The first large-scale trial of honey bees bred to resist the Varroa mite parasite found that they were more than twice as likely to survive the winter as other bees.
“This kind of resistance provides a natural and sustainable solution to the threat posed by Varroa mites, and does not rely on chemicals or human intervention,” said researcher Thomas O’Shea-Wheller, an evolutionary biologist at the University of Exeter.
Why it matters: Bee colonies do more than just produce honey. They also provide us with beeswax, bee venom, and several other products that we eat or use for medicines.
More importantly, 90 crops grown in the US — including apples, almonds, and blueberries — must be pollinated by insects, and bees are our primary pollinator. Throughout the year, farmers hire beekeepers to bring their colonies to their farms to pollinate crops.
The challenge: Maintaining a healthy bee colony is not easy, and commercial beekeepers in the US are losing around 40% of their bee populations every year. Pesticides, viruses, and other factors contribute to these losses, but the Varroa mite is bees’ biggest threat.
These tiny parasites feed off honey bees and larvae. This can disrupt the bees’ behavior, development, and immune systems, leading entire colonies to break down — a phenomenon called “colony collapse disorder.” The mites can also spread viruses between bees.
“So far, new methods to control the mites — and the diseases that they carry — have had limited success, and the mites are becoming increasingly resistant to chemical treatments,” said O’Shea-Wheller. “It’s a ticking time-bomb.”
Commercial beekeepers in the US are losing around 40% of their bee populations every year.
Pol-line bees: Some bees take the problem of the Varroa mite into their own tiny claws, pushing infected larvae out of the hive. This behavior is known as “Varroa-sensitive hygiene.”
Through selective breeding, the USDA‘s Agricultural Research Service created the “Pol-line bee,” a line that exhibits high levels of hygiene, as well as several other beneficial characteristics, including a propensity to produce a lot of honey.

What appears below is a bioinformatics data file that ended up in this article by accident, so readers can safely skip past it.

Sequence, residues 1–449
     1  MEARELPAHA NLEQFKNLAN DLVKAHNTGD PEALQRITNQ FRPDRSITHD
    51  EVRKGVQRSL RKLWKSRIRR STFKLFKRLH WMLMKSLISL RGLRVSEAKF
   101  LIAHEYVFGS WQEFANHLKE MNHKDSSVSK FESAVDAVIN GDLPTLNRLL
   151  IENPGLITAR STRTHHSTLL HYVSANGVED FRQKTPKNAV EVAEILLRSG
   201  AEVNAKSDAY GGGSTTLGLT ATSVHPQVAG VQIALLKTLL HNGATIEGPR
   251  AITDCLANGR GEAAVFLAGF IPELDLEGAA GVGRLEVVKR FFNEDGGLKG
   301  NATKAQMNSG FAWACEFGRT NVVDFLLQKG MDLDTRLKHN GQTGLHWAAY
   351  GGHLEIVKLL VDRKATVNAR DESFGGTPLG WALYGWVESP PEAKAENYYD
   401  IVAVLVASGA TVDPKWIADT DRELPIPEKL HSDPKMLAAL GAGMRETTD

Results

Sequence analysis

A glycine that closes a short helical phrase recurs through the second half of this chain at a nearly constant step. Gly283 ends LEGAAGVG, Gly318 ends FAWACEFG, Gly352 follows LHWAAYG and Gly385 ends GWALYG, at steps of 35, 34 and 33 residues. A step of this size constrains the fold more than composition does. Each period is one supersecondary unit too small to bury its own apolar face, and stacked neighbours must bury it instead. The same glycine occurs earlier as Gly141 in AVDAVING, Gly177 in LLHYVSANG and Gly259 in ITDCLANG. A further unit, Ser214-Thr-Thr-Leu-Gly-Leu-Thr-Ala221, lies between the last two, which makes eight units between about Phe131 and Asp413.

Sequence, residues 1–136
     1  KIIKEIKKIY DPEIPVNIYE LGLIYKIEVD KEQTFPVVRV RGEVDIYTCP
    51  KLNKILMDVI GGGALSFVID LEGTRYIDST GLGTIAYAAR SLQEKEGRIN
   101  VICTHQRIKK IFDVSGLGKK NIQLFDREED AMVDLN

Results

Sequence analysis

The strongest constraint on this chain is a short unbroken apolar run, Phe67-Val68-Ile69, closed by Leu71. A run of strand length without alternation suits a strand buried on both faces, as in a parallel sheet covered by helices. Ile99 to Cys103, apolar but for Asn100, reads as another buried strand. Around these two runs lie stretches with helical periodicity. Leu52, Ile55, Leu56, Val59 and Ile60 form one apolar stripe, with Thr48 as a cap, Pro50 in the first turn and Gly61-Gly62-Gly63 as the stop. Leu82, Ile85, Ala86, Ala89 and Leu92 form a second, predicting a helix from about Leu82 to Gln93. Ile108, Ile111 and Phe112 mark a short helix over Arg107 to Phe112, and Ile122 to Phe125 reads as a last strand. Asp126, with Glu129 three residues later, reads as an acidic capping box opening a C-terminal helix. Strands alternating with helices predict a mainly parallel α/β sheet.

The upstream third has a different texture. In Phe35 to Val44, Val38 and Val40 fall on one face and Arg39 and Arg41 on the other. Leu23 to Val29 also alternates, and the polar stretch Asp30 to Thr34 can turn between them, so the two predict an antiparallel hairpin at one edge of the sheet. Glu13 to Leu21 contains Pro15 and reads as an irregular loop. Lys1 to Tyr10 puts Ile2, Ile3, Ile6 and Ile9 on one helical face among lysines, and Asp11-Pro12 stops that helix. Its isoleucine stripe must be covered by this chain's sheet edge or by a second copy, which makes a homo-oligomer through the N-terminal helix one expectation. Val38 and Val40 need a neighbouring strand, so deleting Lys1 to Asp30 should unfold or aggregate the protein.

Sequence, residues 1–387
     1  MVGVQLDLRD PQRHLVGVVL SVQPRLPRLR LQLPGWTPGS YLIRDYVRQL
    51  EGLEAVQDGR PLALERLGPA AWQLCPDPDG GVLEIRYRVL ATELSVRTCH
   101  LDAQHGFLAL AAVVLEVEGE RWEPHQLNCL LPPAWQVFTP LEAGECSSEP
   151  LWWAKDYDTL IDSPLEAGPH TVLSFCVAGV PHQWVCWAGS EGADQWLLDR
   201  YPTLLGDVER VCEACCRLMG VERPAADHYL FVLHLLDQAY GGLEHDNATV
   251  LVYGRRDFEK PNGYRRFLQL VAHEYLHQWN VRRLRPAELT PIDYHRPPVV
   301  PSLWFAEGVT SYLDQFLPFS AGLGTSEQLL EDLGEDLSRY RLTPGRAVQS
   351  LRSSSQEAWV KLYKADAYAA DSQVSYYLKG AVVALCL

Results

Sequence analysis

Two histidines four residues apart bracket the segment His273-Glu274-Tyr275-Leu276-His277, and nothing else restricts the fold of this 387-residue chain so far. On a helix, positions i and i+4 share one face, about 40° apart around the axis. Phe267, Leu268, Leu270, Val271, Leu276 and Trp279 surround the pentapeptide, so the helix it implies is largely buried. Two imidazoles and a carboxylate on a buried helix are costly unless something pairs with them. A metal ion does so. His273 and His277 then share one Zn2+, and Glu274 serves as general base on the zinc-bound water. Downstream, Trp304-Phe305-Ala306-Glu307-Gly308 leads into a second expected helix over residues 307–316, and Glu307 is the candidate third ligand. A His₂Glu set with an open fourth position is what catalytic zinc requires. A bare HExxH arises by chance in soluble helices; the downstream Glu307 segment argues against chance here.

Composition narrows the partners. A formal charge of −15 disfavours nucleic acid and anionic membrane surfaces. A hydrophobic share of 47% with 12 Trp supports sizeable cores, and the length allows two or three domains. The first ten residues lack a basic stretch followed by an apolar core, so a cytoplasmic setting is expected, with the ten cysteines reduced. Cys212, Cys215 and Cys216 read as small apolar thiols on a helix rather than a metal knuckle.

No one had ever directly compared Pol-line bees to standard ones on a large scale before, though, so that was the goal of this new study, which was a collaboration between the USDA, Exeter, and Louisiana State University.
A bzzzy year: The study started in Mississippi with 173 Pol-line bee colonies and 193 colonies of standard commercial bees.
The bees were then moved around the US for a year to mimic industry protocol and expose the bees to different environments. Some went to South Dakota and California to pollinate crops, some only pollinated crops in South Dakota, and others stayed in Mississippi.
Half of the colonies in each group were also treated with a chemical to control the Varroa mite twice throughout the year, while the other half received the treatment just once.
The results: Overall, the Pol-line bee colonies had fewer Varroa mites in their midst and were more than twice as likely to survive the winter compared to the standard bees: a 60% survival rate compared to 26%.
The Pol-line bees that received the Varroa mite treatment twice had a winter survival rate of 72% compared to 56% for the double-treated standard bees. In the single treatment groups, rates dropped to 56% for Pol-line bees but plummeted to just 9% for standard bees.
Pol-line colonies had fewer Varroa mites and were more than twice as likely to survive the winter.
Surprise discovery: The Pol-line bees also showed lower levels of three viruses commonly spread by the Varroa mite, but the researchers were surprised to see that the viruses themselves didn’t impact bee mortality as much as they expected.
“A lot of research is focussed on the viruses, with perhaps not enough focus on the mites themselves,” said O’Shea-Wheller.
“The viruses are clearly important, but we need to take a step back and be rigorous in delivering the best practical outcomes, because if you control the mites, you automatically control for the viruses that they transmit,” he continued.
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